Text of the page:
- If you are a high achieving first generation college applicant, a student of color or a low income student, who takes primarily honors and AP classes, you might want to look at:
It is a list of special fly-in programs offered by many liberal arts colleges and some universities. The programs are free. Applications are required for these programs, which are designed to help you learn about colleges and help them learn about you! It’s a great way to figure out what you like.
If you are a very high achieving student with almost all honors and AP classes and with a family income under $60,000, you might want to apply to colleges through the highly competitive Questbridge program, which offers full scholarships to many of the country’s most selective colleges. They have a late September deadline. Go to questbridge.org for complete information. If you are seriously thinking about Questbridge, tell or e-mail me, your recommending teachers, and your counselor ASAP.
Remember, the summer is the best time to write application essays. You will not be a happy camper if you leave this chore for the fall. Besides, many of you will need to write additional essays in the fall. The Common Application and Coalition Application essay prompts are in the link below.
If you plan to take the September 9 ACT or the August 26 or October 7 SAT, you might want to register soon, before you forget about school for a while. The registration deadlines without a late fee are August 4 for the ACT and July 28 for the August and September 8 for the October SAT. You can register late for the ACT until August 18 and late for the August SAT before August 8. If you qualify for a fee waiver, see Mrs. Cappelli before June 28. Unused fee waivers will expire in August!
Remember that demonstrated interest is increasingly important to colleges for admissions purposes. Visit, visit, visit! Interview! Get the name of your admissions counselor at colleges you will apply to and stay in touch.
I expect that most of you have secured your teacher recommendations. Don’t forget the last step – naming those teachers in Naviance. Go to colleges/letters of recommendation/ and select your teachers from the dropdown list. Unless you will be applying to colleges for which you might want to send different recommendations, you should select “for all colleges” for each teacher you select. You can amend this later if necessary. You might want to put a quick thank you to your teachers in the Notes section. Remember – if you decide to apply to a college early (November deadline), you need to let your teacher know ASAP so the recommendation will be ready on time.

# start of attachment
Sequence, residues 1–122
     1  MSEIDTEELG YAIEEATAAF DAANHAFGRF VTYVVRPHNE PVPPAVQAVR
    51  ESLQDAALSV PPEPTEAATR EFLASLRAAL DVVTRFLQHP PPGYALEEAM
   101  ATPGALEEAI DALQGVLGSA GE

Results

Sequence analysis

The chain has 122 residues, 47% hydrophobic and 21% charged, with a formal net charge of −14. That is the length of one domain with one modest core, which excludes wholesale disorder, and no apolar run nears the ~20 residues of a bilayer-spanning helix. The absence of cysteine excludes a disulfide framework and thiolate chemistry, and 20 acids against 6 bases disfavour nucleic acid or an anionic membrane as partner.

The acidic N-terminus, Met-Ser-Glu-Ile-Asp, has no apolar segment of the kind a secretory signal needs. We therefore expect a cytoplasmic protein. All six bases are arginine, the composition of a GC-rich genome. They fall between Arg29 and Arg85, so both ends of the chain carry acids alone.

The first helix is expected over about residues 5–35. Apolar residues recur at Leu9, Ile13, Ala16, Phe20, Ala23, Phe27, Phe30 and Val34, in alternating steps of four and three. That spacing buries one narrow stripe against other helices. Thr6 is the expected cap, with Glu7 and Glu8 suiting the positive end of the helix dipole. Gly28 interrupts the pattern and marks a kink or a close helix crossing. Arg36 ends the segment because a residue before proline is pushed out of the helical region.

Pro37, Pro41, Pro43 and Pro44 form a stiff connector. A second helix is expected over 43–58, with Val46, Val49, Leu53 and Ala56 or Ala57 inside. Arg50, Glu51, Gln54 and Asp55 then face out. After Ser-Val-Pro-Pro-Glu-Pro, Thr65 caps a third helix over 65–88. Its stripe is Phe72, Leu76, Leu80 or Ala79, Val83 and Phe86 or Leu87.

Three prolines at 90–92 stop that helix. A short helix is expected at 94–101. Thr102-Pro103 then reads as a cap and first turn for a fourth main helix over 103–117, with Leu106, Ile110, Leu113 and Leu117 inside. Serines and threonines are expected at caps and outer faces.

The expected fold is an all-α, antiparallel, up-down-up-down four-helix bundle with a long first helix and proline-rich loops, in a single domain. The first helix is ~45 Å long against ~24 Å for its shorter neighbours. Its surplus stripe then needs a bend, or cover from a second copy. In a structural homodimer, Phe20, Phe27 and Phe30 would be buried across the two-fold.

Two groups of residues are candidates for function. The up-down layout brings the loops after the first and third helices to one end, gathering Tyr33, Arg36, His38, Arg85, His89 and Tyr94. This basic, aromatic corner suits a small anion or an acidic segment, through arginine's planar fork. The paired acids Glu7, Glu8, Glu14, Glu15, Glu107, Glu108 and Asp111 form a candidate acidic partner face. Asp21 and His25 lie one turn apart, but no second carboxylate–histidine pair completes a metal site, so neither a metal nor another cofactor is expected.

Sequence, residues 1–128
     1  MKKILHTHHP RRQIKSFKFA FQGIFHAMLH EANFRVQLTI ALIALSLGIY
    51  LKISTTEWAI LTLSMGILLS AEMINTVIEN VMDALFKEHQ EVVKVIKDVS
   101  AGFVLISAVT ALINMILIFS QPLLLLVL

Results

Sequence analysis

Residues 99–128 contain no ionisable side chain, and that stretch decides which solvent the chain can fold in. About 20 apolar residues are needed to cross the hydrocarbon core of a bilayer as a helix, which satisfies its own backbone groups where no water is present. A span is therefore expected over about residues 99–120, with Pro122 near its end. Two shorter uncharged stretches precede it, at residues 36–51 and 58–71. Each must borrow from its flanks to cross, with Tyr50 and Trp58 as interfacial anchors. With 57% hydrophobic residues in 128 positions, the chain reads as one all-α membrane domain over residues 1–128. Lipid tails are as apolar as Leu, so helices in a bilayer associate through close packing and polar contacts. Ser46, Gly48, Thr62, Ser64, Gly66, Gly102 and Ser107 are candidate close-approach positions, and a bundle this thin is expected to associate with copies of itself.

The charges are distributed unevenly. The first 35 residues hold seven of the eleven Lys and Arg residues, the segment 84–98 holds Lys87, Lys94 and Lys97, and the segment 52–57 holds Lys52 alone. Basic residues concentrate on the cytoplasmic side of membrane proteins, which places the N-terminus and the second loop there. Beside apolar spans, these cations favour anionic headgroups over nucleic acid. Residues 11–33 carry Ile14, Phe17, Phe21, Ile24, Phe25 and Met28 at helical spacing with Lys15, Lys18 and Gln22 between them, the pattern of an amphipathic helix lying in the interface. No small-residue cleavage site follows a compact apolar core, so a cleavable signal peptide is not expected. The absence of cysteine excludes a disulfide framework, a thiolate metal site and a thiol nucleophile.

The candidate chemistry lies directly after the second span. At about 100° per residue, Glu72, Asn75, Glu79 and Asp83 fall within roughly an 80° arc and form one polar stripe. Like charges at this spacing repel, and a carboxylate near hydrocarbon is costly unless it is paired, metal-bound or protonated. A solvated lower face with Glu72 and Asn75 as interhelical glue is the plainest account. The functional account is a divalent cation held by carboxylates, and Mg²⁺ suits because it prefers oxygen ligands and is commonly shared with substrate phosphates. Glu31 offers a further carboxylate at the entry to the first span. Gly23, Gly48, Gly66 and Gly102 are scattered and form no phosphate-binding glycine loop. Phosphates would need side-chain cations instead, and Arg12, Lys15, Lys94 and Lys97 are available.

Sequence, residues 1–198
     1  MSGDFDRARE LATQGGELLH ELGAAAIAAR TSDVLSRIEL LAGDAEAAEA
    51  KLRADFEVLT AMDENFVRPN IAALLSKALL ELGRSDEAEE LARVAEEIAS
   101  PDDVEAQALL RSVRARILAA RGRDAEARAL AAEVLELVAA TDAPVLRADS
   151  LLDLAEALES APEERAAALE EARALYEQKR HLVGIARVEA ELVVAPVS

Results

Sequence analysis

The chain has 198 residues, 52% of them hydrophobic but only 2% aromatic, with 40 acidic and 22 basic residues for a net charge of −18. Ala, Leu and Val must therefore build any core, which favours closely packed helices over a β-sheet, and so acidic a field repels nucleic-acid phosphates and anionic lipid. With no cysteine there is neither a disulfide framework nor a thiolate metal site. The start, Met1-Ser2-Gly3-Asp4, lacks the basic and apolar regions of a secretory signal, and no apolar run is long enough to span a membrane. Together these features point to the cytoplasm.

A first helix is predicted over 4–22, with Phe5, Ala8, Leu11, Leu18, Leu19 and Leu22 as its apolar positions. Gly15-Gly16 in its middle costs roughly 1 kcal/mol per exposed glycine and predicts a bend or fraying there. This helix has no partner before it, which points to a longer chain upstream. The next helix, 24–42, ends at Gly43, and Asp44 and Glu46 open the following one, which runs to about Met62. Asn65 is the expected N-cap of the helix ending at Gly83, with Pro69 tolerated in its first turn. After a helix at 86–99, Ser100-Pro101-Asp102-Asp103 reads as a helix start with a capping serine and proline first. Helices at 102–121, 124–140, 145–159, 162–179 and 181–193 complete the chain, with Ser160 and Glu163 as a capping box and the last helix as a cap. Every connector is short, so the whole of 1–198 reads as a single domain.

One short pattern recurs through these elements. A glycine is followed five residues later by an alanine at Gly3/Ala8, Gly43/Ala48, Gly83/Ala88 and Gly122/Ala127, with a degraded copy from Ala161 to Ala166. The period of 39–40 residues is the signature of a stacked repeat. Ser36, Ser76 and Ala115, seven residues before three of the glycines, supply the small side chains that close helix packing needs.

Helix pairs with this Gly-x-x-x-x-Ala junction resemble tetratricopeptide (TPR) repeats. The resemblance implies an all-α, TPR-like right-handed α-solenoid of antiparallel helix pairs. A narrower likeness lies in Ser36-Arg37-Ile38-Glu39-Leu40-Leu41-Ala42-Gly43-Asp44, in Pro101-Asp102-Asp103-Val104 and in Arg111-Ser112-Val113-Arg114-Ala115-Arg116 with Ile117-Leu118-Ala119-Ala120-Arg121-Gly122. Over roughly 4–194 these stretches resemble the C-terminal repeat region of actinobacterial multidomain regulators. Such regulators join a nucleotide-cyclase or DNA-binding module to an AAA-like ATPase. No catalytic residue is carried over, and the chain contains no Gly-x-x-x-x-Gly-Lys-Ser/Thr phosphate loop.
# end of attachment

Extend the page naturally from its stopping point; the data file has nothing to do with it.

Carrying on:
In the next few months you may begin to receive mailings or e-mails from honor societies, Who’s Who, National Society of High School Scholars and various other organizations who say they can get you scholarships and other advantages. Allegedly there is currently one going around from Vector. Some of these are scams outright and some are just benign businesses that will not hurt you except in the wallet. By and large, ignore them, unless you want to put your name in their publications and purchase them. Colleges are not impressed by membership or participation.
The 2017-18 Common Application (commonapp.org) will go live on August 1. If you are inclined to begin in July, the current form is supposed to convert to the new one on August 1, if you choose the correct application year when beginning the application. They say it will work! There will be no Common App access between July 24 and August 1.
The Coalition Application (www.coalitionforcollegeaccess.org/), which is an alternative application for about 100 mostly elite institutions, will be available to you in July. UMASS will not be accepting that application, so if you plan to apply to UMASS you will need to use the Common Application. It’s your call as to whether you want to do the other one as well. Only three institutions, the Universities of Maryland, Florida, and Washington (state) will use this application exclusively. All other members will use the Common Application as well as the Coalition Application. As members of the Common Application, they are required to treat all applications equally in the Admissions process.
Research shows that at least 20 hours of preparation for standardized college admission tests can improve your scores significantly. Most of you will have 20 hours available for this purpose in the summer. In addition to the free test prep available through Khan Academy for the SAT and through the Method Test Prep link on your Naviance home page, Method Test Prep offers a few additional paid options, some of which are extremely affordable. See their links on the next page.
Have a relaxing and productive summer.
Myra Ross, College Advisor